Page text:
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Gwendolyn Walker Smith, et al., Al v. Breakthrough International


April 29, 2013


The opinion of the court was delivered by: Jon S. Tigar United States District Judge



Defendant Breakthrough International, Inc. ("Breakthrough") has moved to dismiss Plaintiffs Gwendolyn Walker Smith and Zeus Harrison Smith's ("Plaintiffs") First Amended 16 Complaint ("FAC") for lack of subject matter jurisdiction, among other reasons. Notice of Motion 17 and Motion to Dismiss Plaintiffs' First Amended Complaint ("Mot."), ECF No. 31. The Court 18 finds that this matter is suitable for disposition without oral argument, pursuant to Federal Rule of 19 Civil Procedure 78(b) and Civil Local Rule 7-1(b). Since the Court is not satisfied that it has 20 subject matter jurisdiction over this matter, it hereby DISMISSES the FAC WITHOUT 21 PREJUDICE, subject to Plaintiffs filing a sworn affidavit attesting to their state citizenship on 22 April 12, 2012. Without such an affidavit, the Court is likely to dismiss the case with prejudice. 23


A. Procedural and Factual Background

On April 12, 2012, Plaintiffs Gwendolyn Smith and Zeus Harrison Smith ("Plaintiffs") 26 filed a complaint ("the Complaint") against Defendants Howard Elan, Reverend Oracle, and 27 Breakthrough, alleging violations of the U.S. and California constitutions, alleging violation of the 28 federal Electronic Communications and Privacy Act ("ECPA"), 18 U.S.C. § 2511, and raising several state tort causes of action. ECF No. 1. The Court granted Plaintiff Gwendolyn Smith's 2 application to proceed in forma pauperis, but also dismissed the Complaint without prejudice 3 under the screening procedures in 28 U.S.C. § 1915(e)(2)(B). ECF No. 12.*fn1 The Court held that 4 the Complaint failed to state any claim against Breakthrough, that Plaintiffs' ECPA claim was 5 time-barred, that the Complaint failed to invoke the Court's subject matter jurisdiction in the 6 absence of the ECPA claim, and further finding that that the Complaint failed to allege sufficient 7 facts to state any claim except defamation, false light, and intentional infliction of emotional 8 distress. Id. The Court granted Plaintiffs leave to file an amended complaint, but noted that 9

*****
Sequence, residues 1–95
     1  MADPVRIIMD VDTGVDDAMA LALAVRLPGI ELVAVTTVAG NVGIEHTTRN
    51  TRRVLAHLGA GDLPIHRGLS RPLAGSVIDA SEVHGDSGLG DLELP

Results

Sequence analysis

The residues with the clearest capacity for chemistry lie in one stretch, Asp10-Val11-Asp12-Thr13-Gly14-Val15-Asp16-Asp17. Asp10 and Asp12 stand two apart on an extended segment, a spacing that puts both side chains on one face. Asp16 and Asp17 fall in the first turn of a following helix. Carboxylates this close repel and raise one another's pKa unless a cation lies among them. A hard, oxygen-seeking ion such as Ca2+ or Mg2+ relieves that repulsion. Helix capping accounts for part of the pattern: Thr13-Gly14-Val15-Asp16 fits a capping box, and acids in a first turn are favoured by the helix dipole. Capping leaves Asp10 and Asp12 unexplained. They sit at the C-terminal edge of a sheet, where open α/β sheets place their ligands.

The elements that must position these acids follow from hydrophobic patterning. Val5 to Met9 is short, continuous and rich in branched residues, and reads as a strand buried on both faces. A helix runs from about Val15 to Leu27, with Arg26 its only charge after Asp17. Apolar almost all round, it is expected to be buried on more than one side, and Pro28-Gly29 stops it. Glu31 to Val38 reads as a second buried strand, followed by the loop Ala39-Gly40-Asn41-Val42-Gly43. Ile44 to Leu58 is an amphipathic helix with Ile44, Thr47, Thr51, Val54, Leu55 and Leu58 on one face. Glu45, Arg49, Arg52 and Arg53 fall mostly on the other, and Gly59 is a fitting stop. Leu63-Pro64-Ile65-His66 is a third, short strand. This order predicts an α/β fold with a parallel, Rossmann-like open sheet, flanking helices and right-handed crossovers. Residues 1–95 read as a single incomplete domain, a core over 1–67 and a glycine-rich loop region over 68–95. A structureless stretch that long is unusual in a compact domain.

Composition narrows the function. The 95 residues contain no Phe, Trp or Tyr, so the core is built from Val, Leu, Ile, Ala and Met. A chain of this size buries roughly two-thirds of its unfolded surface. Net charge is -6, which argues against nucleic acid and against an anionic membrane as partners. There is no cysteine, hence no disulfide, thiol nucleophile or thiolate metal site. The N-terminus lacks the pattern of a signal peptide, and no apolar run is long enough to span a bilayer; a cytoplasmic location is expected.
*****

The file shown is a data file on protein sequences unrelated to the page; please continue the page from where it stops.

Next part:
Plaintiffs asserted Oregon citizenship while at the same time listing a Sebastapol, California 10 address on the Court's electronic case filing system. Id. The Court ordered Plaintiffs "to submit 11 an affidavit, under oath, attesting to their true residency," in any amended complaint. Id. 12

In October 2012, Plaintiffs filed the FAC. ECF No. 16. In the FAC, Plaintiffs allege that they are both residents of Portland, Oregon, and are citizens of the State of Oregon. FAC, at ¶ 1. 14

The FAC asserts that "[p]ursuant to, at a minimum, Cal. Civ. Pro § 410.10 [sic], the Court has 15 jurisdiction under the provisions of 28 U.S.C. § 1332." Id. at ¶ 5. The FAC's caption lists the 16

Defendants as "Breakthrough International, d/b/a, d/b/a Howard Elan and 17

Reverend Oracle, Defendants." Id. The FAC lists four causes of action: "Invasion of Privacy - 18

Physical Intrusion on Solitude And/Or Private Affairs, in Violation of Federal and State 19

Constitutions and 18 U.S.C. § 1702," "Defamation and Defamation Per Se," "False Light," and 2 "Conspiracy to Defame." Plaintiffs did not file the affidavit that the Court ordered them to file, 3 but in November 2012, they filed a notice of change of address, stating that "as of October 10, 4 2012," they were no longer receiving mail at their Sebastapol address, and submitting a new 5 Portland, Oregon address. ECF No. 22. 6

In granting Plaintiff Zeus Harrison Smith's separate application to proceed in forma 7 pauperis, the Court dismissed the FAC's first and fourth causes of action with prejudice, finding 8 that the first was time-barred and that the fourth did not state a legal claim. ECF No. 25. 9 Defendant Breakthrough moves to dismiss on the grounds that Plaintiffs have failed to 10 meet their burden of establishing that the Court has subject matter jurisdiction over the case, that 11 the FAC does not allege cognizable claims against Breakthrough, and that the remaining claims 12 are time-barred. Mot.

B. Legal Standards

A party may move to dismiss a complaint for lack of subject matter jurisdiction pursuant to Federal Rule of Civil Procedure 12(b)(1). "[I]f the court determines at any time that it lacks 16 subject-matter jurisdiction, it must dismiss the action." Fed. R. Civ. Pro. 12(h)(3). "The burden 17 of establishing . . . [a federal court's jurisdiction] rests upon the party asserting jurisdiction." 18

Kokkonen v. Guardian Life Ins. Co. of Am., 511 U.S. 375, 377 (1994). 19 Federal district courts have original jurisdiction over "all civil actions where the matter in 20 controversy exceeds the sum or value of $75,000, exclusive of interest and costs, and is between 21 . . . citizens of different States." 28 U.S.C. § 1332(a). This statute requires "complete diversity of 22 citizenship," such that "the citizenship of each plaintiff is diverse from the citizenship of each 23 defendant." Caterpillar Inc. v. Lewis, 519 U.S. 61, 68 (1996). A "natural person's state 24 citizenship is . . . determined by her state of domicile, not her state of residence." Kanter v. 25